SnowModel is used to provide a physical link between the initial snowfall and subsequent SWE measured by ASMR-E through snow evolution. SnowModel is a spatially distributed snow-evolution model that includes the first-order physics required to simulate snow processes in landscapes and climates where snow occurs (Liston and Elder 2006). Processes simulated include snow accumulation; snow density evolution; snowpack compaction, sublimation, and melt; forest canopy snow interception, unloading, and sublimation; and wind-driven snow redistribution and sublimation. Required inputs are temporally varying fields of meteorological forcing data and spatially varying fields of topography and vegetation. SnowModel has been used extensively in different meteorological and snow regimes (e.g., Liston and Sturm 1998; Liston et al. 1999; Hiemstra et al. 2002; Liston and Winther 2005).

SnowModel is a collection of five coupled submodels that each simulate different physical processes known to drive snow evolution: MicroMet, EnBal, SnowPack, SnowTran-3D, and SnowAssim. At each time step, meteorological forcing data (global reanalysis in this study) are distributed over the domain using MicroMet and then at each grid cell the model 1) performs near-surface energy balance calculations using EnBal, 2) evolves the snowpack defined by the melt and precipitation input using SnowPack, and 3) transports snow by wind-driven processes using SnowTran-3D. Following the completion of the simulation, the snow assimilation submodel, SnowAssim, can be used to constrain the modeled SWE output through corrections to the precipitation forcing that will ultimately produce the assimilated SWE.

For this study, SnowAssim is the most important submodel as it allows the assimilation of observed or modeled SWE data to provide the model constraints. Snowfall has been shown to lead to the largest errors in modeling snow on the ground (Liston and Sturm 2004; Raleigh et al. 2016). Therefore, SnowAssim modifies the snowfall forcing, which is then retroactively applied throughout the snow accumulation season. The modified snowfall is used in a second SnowModel simulation that will produce the assimilated SWE distribution. Most importantly, the modified snowfall is used to assess the consistency between the observed AMSR-E snowfall and the snowfall necessary to produce the AMSR-E SWE.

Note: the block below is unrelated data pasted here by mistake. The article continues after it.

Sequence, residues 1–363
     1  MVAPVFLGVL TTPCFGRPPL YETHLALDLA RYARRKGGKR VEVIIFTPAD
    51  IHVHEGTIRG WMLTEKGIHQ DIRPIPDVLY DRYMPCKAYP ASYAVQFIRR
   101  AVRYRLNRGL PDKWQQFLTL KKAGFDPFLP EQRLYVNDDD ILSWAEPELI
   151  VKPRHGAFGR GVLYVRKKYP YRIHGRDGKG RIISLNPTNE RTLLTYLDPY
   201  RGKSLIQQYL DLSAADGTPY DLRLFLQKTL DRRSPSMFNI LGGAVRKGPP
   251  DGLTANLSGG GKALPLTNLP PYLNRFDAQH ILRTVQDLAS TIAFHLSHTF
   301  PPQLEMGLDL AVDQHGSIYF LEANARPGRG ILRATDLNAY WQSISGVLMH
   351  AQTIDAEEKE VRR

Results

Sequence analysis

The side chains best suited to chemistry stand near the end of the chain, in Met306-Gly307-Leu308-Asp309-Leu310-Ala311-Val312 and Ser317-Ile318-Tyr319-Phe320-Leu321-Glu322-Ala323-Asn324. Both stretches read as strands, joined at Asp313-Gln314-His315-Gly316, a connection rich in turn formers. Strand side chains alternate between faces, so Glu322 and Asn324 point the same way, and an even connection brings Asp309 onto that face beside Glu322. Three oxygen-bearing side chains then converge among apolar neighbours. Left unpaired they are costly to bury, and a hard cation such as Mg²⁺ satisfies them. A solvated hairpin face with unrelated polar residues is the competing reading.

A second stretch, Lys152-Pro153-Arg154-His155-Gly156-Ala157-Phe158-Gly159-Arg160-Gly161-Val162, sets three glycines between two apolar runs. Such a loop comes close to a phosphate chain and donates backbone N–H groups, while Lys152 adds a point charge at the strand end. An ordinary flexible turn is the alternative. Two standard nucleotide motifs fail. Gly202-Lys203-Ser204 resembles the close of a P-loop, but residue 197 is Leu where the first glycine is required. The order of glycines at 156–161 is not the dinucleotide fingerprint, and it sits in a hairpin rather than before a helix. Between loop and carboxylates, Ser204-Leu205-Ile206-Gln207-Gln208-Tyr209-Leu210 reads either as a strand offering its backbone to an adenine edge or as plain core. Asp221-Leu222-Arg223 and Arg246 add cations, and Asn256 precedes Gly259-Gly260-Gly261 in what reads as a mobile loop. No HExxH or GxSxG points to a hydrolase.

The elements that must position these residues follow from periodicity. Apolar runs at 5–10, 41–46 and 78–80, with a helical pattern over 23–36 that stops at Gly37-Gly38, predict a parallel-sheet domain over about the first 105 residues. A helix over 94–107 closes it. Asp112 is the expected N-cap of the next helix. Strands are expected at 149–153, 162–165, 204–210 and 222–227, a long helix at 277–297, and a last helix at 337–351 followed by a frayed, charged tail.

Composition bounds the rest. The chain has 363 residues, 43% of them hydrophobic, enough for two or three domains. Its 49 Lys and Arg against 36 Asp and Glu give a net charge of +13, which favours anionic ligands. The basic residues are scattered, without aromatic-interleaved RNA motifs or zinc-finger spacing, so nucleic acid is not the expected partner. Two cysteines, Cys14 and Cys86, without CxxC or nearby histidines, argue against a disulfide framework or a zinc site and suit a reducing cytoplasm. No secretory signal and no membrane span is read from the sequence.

c. Canadian Meteorological Centre snow analysis

The Canadian Meteorological Centre (CMC) SWE dataset is used as an additional comparison dataset to AMSR-E (Brasnett 1999). CMC is a hybrid modeling–observation snow depth and SWE dataset that is widely used and has been described as the best available observational snow dataset for the Northern Hemisphere (Toure et al. 2016). The snow depth output is produced using daily in situ snow depth observations that are optimally interpolated onto a first-guess snow depth field estimated by a simple snow model. The snow model is driven by meteorological data from the CMC Global Environmental Multiscale (GEM) forecast model and in situ snow depth data are collected from surface synop stations, METAR stations, and special aviation reports from the WMO. Snow depth is converted to SWE using a monthly climatology of snow density (Brown and Mote 2009). CMC is used in this study because it allows the comparison of remotely sensed and modeled SWE to a mostly observational product.

3. Experimental setup

To assess the consistency between AMSR-E snowfall and SWE, we performed SnowModel simulations with assimilation for the Northern Hemisphere between July 2003 and June 2011.

Simulations are run on a 25-km Equal-Area Scalable Earth (EASE) grid that includes a variety of meteorological, snowpack, and vegetation regimes. A simulation year is defined to be from July of a specific year to June of the next year (e.g., July 2004–June 2005). Two SnowModel simulations with assimilation are run: one for AMSR-E and one for CMC. All available AMSR-E SWE, AMSR-E precipitation, and CMC data were obtained for the simulation period and resampled to the EASE-grid using the Geospatial Data Abstraction Library (GDAL) command line tool. A temperature threshold of 2°C determined by the SnowModel meteorological forcing data is used to differentiate between liquid and solid precipitation for both AMSR-E and SnowModel (Auer 1974). AMSR-E and CMC data were averaged monthly to better compare the general time series of snowfall and SWE. AMSR-E daily data have missing data due to the polar orbit of the satellite while CMC SWE data are only available on monthly time scales. AMSR-E SWE data are especially noisy from day to day, which can propagate into the assimilation model and produce erroneous SWE values. To better compare snowfall against SWE, AMSR-E snowfall is converted to an accumulated snowfall throughout each simulation year.